Brittney Musgrave & Casey Kraft
Summary of Examination
1– Inspect the chest, front and back, noting thoracic landmarks for the following: (see p. 371)
– Size and shape (anteroposterior diameter compared with transverse diameter).
– Superficial venous patterns
– Prominence of ribs
2– Evaluate respirations for the following: (see p. 373)
– Rhythm or pattern
3– Inspect chest movements with breathing for the following: (see p.376)
– Use of accessory muscles
4– Note any audible sounds with respiration (ie: wheezes, stridor) (see p. 377)
5– Palpate the chest for the following: (see p. 377)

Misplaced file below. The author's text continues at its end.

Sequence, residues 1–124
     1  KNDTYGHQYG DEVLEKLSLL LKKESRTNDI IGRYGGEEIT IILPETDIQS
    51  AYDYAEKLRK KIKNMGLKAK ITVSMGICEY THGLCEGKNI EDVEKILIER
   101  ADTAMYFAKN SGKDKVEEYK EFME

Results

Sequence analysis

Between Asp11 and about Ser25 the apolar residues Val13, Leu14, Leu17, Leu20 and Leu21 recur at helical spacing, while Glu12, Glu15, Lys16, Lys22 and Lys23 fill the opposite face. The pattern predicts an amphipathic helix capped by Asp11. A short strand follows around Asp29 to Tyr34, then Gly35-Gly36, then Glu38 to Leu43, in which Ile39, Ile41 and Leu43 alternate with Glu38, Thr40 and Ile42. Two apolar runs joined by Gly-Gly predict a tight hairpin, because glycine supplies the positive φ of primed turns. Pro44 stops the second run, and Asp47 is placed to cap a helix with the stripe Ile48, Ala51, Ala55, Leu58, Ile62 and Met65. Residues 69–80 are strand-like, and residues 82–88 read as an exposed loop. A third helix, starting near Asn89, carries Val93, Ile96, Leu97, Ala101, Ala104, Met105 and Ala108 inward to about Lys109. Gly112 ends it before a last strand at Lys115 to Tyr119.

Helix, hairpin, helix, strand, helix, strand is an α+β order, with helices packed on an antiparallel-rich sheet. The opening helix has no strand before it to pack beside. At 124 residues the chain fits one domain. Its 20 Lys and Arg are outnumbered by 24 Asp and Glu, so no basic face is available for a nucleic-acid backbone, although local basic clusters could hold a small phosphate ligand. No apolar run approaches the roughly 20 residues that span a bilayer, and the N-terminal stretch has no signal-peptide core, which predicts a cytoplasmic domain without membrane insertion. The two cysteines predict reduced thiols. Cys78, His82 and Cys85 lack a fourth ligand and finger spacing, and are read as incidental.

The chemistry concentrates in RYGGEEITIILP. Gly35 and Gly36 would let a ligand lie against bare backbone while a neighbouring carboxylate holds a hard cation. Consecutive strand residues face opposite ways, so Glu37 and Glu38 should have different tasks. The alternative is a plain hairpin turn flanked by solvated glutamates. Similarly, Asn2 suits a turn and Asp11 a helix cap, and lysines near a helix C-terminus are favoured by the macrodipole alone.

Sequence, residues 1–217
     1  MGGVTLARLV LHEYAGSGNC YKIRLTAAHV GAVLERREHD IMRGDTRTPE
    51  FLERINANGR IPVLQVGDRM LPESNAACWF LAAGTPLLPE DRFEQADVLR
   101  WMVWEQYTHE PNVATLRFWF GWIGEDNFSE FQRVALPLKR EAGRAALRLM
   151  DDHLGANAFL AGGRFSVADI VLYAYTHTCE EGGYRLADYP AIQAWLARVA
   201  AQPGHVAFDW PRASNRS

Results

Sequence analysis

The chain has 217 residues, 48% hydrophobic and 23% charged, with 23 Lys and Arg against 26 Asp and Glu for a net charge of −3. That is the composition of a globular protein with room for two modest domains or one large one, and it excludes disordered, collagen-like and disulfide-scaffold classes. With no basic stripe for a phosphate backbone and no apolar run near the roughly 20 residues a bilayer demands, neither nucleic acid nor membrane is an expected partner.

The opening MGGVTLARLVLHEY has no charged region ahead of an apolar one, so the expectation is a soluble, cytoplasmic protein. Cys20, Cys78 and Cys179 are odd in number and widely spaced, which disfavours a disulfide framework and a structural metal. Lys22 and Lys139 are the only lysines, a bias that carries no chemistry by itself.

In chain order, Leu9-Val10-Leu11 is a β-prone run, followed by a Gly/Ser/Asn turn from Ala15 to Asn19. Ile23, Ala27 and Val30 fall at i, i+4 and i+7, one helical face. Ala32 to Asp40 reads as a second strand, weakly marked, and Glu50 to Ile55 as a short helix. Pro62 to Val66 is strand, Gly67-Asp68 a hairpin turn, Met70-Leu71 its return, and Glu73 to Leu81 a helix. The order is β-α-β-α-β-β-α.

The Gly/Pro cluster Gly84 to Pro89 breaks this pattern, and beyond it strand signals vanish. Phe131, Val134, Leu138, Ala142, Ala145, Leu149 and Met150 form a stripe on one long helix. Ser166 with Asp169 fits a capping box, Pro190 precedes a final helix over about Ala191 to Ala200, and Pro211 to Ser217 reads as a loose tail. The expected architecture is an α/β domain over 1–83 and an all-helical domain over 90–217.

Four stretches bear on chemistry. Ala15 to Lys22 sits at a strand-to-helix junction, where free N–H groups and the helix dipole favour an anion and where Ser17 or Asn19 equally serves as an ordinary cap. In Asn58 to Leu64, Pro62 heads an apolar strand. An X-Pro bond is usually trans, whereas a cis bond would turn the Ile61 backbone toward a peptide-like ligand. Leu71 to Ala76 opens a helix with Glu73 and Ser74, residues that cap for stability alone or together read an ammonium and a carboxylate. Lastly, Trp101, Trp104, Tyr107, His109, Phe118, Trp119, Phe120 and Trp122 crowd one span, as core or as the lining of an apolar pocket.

– Thoracic Expansion
– Sensations such as crepitus, grating vibrations
– Tactile Fremitus
6– Perform direct or indirect percussion on the chest, comparing sides for the following: (p 380)
– Diaphragmatic Excursion (movement of thoracic cavity during breathing)
– Percussion tone intensity, pitch, duration and quality
7– Auscultate the chest with the stethoscope diaphragm from apex to base comparing sides for
the following: (see p. 383)
– Intensity, pitch, duration, quality of expected breath sounds.
– Unexpected breath sounds (ie: crackles, wheezes, friction rubs)
– Vocal resonance (voice sounds heard on auscultation of the chest of an individual who
is vocalizing in some manner)
It is also important to ask the patient:
History of present illness:
(ie: Presence of coughing, shortness of breath, chest pain. If present,